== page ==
Elizabeth Taylor passing away today didn't affect the gold market, but the seeming near-death of the U.S. housing market did. After getting a boost in London trading due to U.K. inflation hitting 4.4% despite the prospect of a Bank of England rate hike, and with the BoE minutes reflecting worry about inflation temporarily going to 5%, gold got up to $1,433 shortly before regular trading started. Pulling back once the pit session started, a slide that was engendered by a rally in the greenback, it failed to fall below $1,430. It marked time around $1,432.
Then, the housing news hit. February new home sales plunged by 16.9% to a record low of a 250,000 annual rate seasonally adjusted. The median price for a new home caved in by 13.9% to $202,100. Since the exploded housing bubble was the cause of the '08 crisis, and housing is the main reason why the Fed has kept rates so low and policy so accomodative, this result suggests strongly that the Fed is going to be sticking with its near-zero interest rate policy. Its collapse, plus the current malise of the U.S. economy as a whole, may prompt the Fed to unveil QE3. A rise in WTI oil to above $105 also helped the metal, somewhat, and does tie in to stagflation worry.
Although gold skidded when the news was first released, it quickly regained its footing and marched up to a day's high of $1,442.30. That's less than four dollars away from its record high. Topping at 10:35, the metal then lost further interest and spent the next four hours slowly slipping down to $1,438. Then it stepped up to $1,440, but it couldn't hold that ground and revisited $1,438 again. Although there was a slight step-up in the last minutes, the metal didn't have enough spring in its step to close with a double-digit gain. Instead, the spot price closed at $1,438.60 for a gain of $9.80 on the day. The Kitco Gold Index attributed +$18.80 to predominant buying and -$9.00 to a strengthening greenback. The U.S. Dollar Index's own rise didn't deter the metal.
Gold's six-month chart, from Stockcharts.com, shows today's advance as the sixth gain day in a row:
Not only has its earlier plummet been reversed, but also it's above where it was before March 15th's wipeout. Six gain days in a row is an unusual event, often occurring when gold's recovering in a consolidation stage. There are stretches like that in a bull run, but not as many as assumed: there's enough downward volatility amongst the upward volatility to keep such streaks scarce. In retrospect, the March 15th plummet was another fall out of bed rather than a trigger of an extended short-term decline. Gold is very close to making another record high, but there's the risk of profit-taking making an appearance. The metal going up from here depends upon the recent economic trouble developing into a new stagflation theme.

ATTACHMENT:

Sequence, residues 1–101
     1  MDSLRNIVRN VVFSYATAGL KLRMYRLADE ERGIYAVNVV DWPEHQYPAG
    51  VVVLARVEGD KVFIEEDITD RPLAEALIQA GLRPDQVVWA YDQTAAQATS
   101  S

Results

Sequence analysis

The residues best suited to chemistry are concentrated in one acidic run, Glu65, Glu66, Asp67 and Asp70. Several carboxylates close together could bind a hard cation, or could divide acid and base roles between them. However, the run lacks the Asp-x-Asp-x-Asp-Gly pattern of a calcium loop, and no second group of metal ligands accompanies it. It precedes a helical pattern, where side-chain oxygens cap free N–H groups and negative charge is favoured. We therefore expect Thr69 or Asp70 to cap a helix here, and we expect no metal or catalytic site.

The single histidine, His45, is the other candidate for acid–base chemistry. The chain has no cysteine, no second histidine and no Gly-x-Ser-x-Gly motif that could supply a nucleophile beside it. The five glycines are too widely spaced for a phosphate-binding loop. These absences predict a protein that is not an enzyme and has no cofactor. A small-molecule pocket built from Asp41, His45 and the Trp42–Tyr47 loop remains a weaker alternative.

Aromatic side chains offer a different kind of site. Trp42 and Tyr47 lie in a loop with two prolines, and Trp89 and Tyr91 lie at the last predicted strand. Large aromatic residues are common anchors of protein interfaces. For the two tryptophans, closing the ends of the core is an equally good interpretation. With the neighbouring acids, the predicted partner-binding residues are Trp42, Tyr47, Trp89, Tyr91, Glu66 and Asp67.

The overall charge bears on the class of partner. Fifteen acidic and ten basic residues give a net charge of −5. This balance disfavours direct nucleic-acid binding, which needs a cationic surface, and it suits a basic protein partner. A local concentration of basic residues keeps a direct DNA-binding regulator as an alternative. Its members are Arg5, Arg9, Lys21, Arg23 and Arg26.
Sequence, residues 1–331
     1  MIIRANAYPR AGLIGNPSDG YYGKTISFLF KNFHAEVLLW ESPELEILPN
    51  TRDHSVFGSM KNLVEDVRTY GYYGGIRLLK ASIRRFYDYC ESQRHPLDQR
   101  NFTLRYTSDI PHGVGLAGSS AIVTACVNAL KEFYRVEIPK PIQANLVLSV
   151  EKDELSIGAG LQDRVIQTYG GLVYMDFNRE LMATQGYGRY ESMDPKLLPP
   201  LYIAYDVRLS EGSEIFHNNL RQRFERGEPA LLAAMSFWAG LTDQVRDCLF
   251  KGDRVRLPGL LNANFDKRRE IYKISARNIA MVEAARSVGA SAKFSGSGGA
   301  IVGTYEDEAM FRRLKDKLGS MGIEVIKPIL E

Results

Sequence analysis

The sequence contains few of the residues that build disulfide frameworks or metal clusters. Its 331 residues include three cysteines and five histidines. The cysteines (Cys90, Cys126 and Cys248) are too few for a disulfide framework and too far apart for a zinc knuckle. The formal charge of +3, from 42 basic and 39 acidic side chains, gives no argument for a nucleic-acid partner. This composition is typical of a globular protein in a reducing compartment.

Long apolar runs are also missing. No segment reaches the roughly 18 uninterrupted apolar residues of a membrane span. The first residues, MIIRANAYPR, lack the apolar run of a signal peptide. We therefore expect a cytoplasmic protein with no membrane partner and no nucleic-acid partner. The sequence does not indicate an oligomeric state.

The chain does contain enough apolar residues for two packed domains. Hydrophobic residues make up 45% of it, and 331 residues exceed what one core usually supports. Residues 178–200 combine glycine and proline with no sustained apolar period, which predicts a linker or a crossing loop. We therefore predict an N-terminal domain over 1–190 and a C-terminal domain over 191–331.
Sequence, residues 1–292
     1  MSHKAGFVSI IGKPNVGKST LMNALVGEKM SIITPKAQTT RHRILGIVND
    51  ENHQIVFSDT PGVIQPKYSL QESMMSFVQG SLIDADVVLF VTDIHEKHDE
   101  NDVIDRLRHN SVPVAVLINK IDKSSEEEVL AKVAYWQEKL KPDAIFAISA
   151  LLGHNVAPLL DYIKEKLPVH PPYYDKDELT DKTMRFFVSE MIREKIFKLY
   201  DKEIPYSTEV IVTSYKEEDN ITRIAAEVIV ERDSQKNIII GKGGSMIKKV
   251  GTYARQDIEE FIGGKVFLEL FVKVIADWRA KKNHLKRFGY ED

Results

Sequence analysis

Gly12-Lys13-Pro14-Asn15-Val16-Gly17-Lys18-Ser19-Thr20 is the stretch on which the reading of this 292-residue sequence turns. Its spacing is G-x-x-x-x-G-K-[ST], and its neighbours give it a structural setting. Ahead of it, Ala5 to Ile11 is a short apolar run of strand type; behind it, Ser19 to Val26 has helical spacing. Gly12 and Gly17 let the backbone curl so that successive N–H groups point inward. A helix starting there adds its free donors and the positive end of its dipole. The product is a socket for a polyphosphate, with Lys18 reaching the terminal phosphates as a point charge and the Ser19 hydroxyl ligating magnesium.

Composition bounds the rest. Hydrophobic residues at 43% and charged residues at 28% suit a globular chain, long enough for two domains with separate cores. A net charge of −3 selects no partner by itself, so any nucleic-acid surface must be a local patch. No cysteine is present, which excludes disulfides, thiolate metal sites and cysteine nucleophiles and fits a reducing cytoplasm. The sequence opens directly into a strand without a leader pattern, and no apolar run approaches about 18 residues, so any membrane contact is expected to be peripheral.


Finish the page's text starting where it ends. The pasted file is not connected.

As noted above, the U.S. Dollar Index also rose today but that rise was not due to any significant safe-haven demand from the bad economic news; the timing didn't gibe. Instead, the Index was recovering from its recent fifteen-month low. Moving upwards before regular trading started, it rallied to touch 75.855 by 9:55 but dropped off shortly before gold took off. Recovering, it then fluctuated around 75.8 in early and mid-afternoon. A later-afternoon rally managed to reverse gold's own mid-afternoon walk-up. As of 5:30, the Index's rally was climaxing at 75.955.
Its own six-month chart, also from Stockcharts.com, makes today's uptracking look almost overdue:
The Index's Relative Strength Index, found at the top of its chart, sunk almost as low as thr 30 oversold level before its rebound kicked in. So, it was due for a bounce anyway. The trend is still downward, no matter how far the respite goes.
Gold's recovery will end up making people wonder why it plummeted in the first place, given that it did so on a disaster. In retrospect, it was prompted by emergency sales that threw the market out of whack. As the metal has returned to sunnier times, a new record beckons. It may make one in the overnight session, particularly if the Libyan warlet runs into unexpected diffculties...and if profit-taking doesn't erode today's gains.